Saudis Stepping Into Iraq
- Saudi Arabia Will Protect Sunnis if the U.S. Leaves
By Nawaf Obaid
Wednesday, November 29, 2006
In February 2003, a month before the U.S.-led invasion of Iraq, the
Saudi foreign minister, Prince Saud al-Faisal, warned President Bush
that he would be "solving one problem and creating five more" if he
removed Saddam Hussein by force. Had Bush heeded his advice, Iraq
would not now be on the brink of full-blown civil war and disintegration.
One hopes he won't make the same mistake again by ignoring the counsel
of Saudi Arabia's ambassador to the United States, Prince Turki
al-Faisal, who said in a speech last month that "since America came
into Iraq uninvited, it should not leave Iraq uninvited." If it does,
one of the first consequences will be massive Saudi intervention to
stop Iranian-backed Shiite militias from butchering Iraqi Sunnis.
Over the past year, a chorus of voices has called for Saudi Arabia to
protect the Sunni community in Iraq and thwart Iranian influence
there. Senior Iraqi tribal and religious figures, along with the
leaders of Egypt, Jordan and other Arab and Muslim countries, have
petitioned the Saudi leadership to provide Iraqi Sunnis with weapons
and financial support. Moreover, domestic pressure to intervene is
intense. Major Saudi tribal confederations, which have extremely close
historical and communal ties with their counterparts in Iraq, are
demanding action. They are supported by a new generation of Saudi
royals in strategic government positions who are eager to see the
kingdom play a more muscular role in the region.
Because King Abdullah has been working to minimize sectarian tensions
in Iraq and reconcile Sunni and Shiite communities, because he gave
President Bush his word that he wouldn't meddle in Iraq (and because
it would be impossible to ensure that Saudi-funded militias wouldn't
attack U.S. troops), these requests have all been refused. They will,
however, be heeded if American troops begin a phased withdrawal from
Iraq. As the economic powerhouse of the Middle East, the birthplace of
Islam and the de facto leader of the world's Sunni community (which
comprises 85 percent of all Muslims), Saudi Arabia has both the means
and the religious responsibility to intervene.
Just a few months ago it was unthinkable that President Bush would
prematurely withdraw a significant number of American troops from
Iraq. But it seems possible today, and therefore the Saudi leadership
is preparing to substantially revise its Iraq policy. Options now
include providing Sunni military leaders (primarily ex-Baathist
members of the former Iraqi officer corps, who make up the backbone of
the insurgency) with the same types of assistance -- funding, arms and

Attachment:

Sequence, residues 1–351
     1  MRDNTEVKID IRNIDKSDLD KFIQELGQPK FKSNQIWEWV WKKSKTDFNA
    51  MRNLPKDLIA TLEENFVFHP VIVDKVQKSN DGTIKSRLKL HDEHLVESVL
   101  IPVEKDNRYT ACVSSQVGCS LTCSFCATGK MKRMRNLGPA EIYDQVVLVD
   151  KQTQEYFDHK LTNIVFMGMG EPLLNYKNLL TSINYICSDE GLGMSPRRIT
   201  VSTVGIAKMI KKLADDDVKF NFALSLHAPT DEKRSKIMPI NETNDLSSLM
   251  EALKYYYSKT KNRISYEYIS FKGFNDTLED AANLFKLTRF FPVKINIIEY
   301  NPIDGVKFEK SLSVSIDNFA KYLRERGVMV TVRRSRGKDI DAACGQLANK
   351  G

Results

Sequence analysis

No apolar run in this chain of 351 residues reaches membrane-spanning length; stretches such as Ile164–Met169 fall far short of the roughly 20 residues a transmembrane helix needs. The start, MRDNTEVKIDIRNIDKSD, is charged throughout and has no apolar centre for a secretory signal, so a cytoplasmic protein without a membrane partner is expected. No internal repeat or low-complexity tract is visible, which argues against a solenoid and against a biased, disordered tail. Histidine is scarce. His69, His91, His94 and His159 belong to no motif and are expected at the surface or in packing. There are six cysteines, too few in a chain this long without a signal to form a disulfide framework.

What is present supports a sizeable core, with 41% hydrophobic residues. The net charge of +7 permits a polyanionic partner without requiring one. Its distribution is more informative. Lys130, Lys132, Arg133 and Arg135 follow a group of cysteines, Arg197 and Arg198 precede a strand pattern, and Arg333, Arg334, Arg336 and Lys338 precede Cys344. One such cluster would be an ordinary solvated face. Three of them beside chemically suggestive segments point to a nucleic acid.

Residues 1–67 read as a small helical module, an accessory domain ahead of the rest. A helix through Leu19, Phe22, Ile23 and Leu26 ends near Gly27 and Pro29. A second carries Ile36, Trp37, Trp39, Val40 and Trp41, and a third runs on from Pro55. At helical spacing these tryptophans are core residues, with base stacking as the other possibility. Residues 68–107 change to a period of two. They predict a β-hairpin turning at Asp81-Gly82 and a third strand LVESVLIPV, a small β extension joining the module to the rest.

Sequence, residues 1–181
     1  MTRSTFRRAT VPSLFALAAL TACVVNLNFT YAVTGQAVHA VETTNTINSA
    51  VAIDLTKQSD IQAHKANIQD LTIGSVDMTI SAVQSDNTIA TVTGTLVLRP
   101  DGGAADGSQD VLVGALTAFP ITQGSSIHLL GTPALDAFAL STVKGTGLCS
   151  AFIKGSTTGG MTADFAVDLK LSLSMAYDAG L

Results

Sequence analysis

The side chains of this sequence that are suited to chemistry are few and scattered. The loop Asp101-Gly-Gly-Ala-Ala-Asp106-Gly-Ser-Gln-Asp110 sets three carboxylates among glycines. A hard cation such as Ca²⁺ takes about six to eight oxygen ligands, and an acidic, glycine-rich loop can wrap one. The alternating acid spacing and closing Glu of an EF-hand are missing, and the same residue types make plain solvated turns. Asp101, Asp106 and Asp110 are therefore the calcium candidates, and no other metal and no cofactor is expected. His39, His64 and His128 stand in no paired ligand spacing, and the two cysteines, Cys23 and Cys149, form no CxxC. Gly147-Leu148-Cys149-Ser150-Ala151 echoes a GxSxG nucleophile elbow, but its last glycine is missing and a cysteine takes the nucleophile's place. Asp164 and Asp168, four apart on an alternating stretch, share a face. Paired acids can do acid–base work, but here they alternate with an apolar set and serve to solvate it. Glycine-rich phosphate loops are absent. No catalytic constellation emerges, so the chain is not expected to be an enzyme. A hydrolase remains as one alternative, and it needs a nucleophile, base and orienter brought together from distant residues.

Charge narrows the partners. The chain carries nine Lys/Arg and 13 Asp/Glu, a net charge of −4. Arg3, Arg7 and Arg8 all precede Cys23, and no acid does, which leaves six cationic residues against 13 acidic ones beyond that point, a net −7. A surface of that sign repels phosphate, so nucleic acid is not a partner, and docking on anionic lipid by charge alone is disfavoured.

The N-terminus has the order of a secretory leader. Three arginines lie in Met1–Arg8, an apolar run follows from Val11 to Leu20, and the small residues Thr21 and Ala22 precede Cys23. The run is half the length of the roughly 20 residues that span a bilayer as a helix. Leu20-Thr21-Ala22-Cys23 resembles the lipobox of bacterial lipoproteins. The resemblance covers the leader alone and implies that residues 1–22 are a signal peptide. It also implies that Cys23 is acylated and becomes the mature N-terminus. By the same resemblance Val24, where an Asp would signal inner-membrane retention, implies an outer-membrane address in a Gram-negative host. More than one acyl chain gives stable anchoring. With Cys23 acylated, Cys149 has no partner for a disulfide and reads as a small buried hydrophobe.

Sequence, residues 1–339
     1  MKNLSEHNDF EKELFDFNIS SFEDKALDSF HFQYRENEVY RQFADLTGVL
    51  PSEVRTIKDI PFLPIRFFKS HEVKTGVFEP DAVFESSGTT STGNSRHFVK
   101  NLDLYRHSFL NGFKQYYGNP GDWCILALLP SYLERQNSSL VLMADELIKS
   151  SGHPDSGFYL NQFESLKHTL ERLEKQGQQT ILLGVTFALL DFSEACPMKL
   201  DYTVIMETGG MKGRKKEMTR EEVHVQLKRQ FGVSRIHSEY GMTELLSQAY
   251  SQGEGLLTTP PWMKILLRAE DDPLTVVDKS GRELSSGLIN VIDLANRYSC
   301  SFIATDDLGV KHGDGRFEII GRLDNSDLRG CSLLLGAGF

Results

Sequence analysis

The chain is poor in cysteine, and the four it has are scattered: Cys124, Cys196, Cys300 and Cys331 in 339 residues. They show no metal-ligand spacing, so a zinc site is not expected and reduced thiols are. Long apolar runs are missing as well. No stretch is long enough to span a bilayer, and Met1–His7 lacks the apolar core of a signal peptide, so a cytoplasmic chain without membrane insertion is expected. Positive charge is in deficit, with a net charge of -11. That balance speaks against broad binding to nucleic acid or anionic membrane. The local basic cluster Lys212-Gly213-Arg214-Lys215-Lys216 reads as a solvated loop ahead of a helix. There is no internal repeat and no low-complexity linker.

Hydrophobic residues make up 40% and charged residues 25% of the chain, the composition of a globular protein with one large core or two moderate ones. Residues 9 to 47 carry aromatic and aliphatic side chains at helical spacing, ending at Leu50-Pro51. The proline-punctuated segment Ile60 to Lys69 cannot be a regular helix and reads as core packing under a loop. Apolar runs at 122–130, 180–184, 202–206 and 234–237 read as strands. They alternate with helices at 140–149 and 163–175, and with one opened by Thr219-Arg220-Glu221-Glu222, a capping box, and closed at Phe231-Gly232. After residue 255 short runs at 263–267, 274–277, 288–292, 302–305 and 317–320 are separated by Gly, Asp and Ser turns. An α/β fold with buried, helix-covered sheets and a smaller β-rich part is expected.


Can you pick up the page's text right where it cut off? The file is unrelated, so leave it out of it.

logistical support -- that Iran has been giving to Shiite armed groups
Another possibility includes the establishment of new Sunni brigades
to combat the Iranian-backed militias. Finally, Abdullah may decide to
strangle Iranian funding of the militias through oil policy. If Saudi
Arabia boosted production and cut the price of oil in half, the
kingdom could still finance its current spending. But it would be
devastating to Iran, which is facing economic difficulties even with
today's high prices. The result would be to limit Tehran's ability to
continue funneling hundreds of millions each year to Shiite militias
in Iraq and elsewhere.
Both the Sunni insurgents and the Shiite death squads are to blame for
the current bloodshed in Iraq. But while both sides share
responsibility, Iraqi Shiites don't run the risk of being exterminated
in a civil war, which the Sunnis clearly do. Since approximately 65
percent of Iraq's population is Shiite, the Sunni Arabs, who make up a
mere 15 to 20 percent, would have a hard time surviving any full-blown
ethnic cleansing campaign.
What's clear is that the Iraqi government won't be able to protect the
Sunnis from Iranian-backed militias if American troops leave. Its army
and police cannot be relied on to do so, as tens of thousands of
Shiite militiamen have infiltrated their ranks. Worse, Iraq's prime
minister, Nouri al-Maliki, cannot do anything about this, because he
depends on the backing of two major leaders of Shiite forces.
There is reason to believe that the Bush administration, despite
domestic pressure, will heed Saudi Arabia's advice. Vice President
Cheney's visit to Riyadh last week to discuss the situation (there
were no other stops on his marathon journey) underlines the
preeminence of Saudi Arabia in the region and its importance to U.S.
strategy in Iraq. But if a phased troop withdrawal does begin, the
violence will escalate dramatically.
In this case, remaining on the sidelines would be unacceptable to
Saudi Arabia. To turn a blind eye to the massacre of Iraqi Sunnis
would be to abandon the principles upon which the kingdom was founded.
It would undermine Saudi Arabia's credibility in the Sunni world and
would be a capitulation to Iran's militarist actions in the region.
To be sure, Saudi engagement in Iraq carries great risks -- it could
spark a regional war. So be it: The consequences of inaction are far
The writer, an adviser to the Saudi government, is managing director
of the Saudi National Security Assessment Project in Riyadh and an
adjunct fellow at the Center for Strategic and International Studies
in Washington. The opinions expressed here are his own and do not
reflect official Saudi policy
Saudi 'will step in if US quits Iraq'
30th November 2006
WASHINGTON: Saudi Arabia will launch a "massive" intervention to help
Iraq's minority Sunnis against Iran-backed Shi'ite attacks if the US
pulls its troops out, a senior Saudi government adviser said
yesterday. Writing in the Washington Post newspaper, security expert